Well first, it actually isn’t that simple. Secondly, something Dr. White pointed out that I have been thinking greatly on is that the Jehovah’s Witnesses are losing people today and that is because of the internet. That is, there was a time when they could control their people, because they could restrict what information they got. Now that’s not the case. Your kids can access the internet easily these days and when they do, they will almost certainly discover that the world is much bigger than they thought it was. Christendom’s history involves a greater span than just America and Palestine/Israel. Dispensationalism is not the only eschatology out there. The subject of the nature of baptism is not so simple as we were told by our leaders.

The Youth Going to Rome and the East

Parents, your children are smart. They are not stupid, they are connecting dots that you may not even see. I’ve had kids ask me some questions that frankly blindsided me, and made me have to sit down and think through certain issues. One of these days, some (perhaps many) of those kids that you try to keep from knowing about the history of their faith in the world from the first century on to today, they’re not going to settle for the “no creed but Christ” idea. I’m already seeing it happening.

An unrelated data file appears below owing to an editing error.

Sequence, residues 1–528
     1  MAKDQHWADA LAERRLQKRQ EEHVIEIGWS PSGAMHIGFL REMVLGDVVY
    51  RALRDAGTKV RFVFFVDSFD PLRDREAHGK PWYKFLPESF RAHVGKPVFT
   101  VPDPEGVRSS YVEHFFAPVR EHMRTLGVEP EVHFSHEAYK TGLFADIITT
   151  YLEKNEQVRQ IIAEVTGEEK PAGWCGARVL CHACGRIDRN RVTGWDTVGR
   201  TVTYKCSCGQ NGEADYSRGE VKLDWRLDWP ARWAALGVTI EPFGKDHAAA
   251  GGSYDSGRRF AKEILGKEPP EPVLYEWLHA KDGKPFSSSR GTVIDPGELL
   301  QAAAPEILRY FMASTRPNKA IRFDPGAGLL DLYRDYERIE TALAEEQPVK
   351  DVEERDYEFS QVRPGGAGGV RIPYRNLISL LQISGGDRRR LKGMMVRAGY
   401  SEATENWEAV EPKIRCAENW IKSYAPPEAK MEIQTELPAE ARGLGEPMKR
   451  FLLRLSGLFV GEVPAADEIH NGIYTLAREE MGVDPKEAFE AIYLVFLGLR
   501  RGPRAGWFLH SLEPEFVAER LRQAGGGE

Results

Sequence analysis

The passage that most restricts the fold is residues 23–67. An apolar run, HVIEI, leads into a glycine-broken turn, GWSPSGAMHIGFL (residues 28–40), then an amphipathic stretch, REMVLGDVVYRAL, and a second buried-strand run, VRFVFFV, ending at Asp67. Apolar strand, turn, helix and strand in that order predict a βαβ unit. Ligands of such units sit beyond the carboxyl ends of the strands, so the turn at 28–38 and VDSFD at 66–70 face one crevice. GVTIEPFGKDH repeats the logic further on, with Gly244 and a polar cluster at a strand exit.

The reason I think that so many young people are attracted to EO and the RCC is having grown out of simplistic, independent Baptist circles (or circles like it) that taught shallow-level concepts drudge through the youth services and they come out doing one of two things: Either throwing the whole thing out, or realizing there are places they can go to get way more interesting “Christianity” than what they were raised in, such as Eastern Orthodoxy. It’s far more magisterial, it’s got rich history and philosophy. Because young people are starving for real, substantial things, such as a real, meaningful Eucharist (Lord’s Supper) not simply a memorial service. It is far more than that.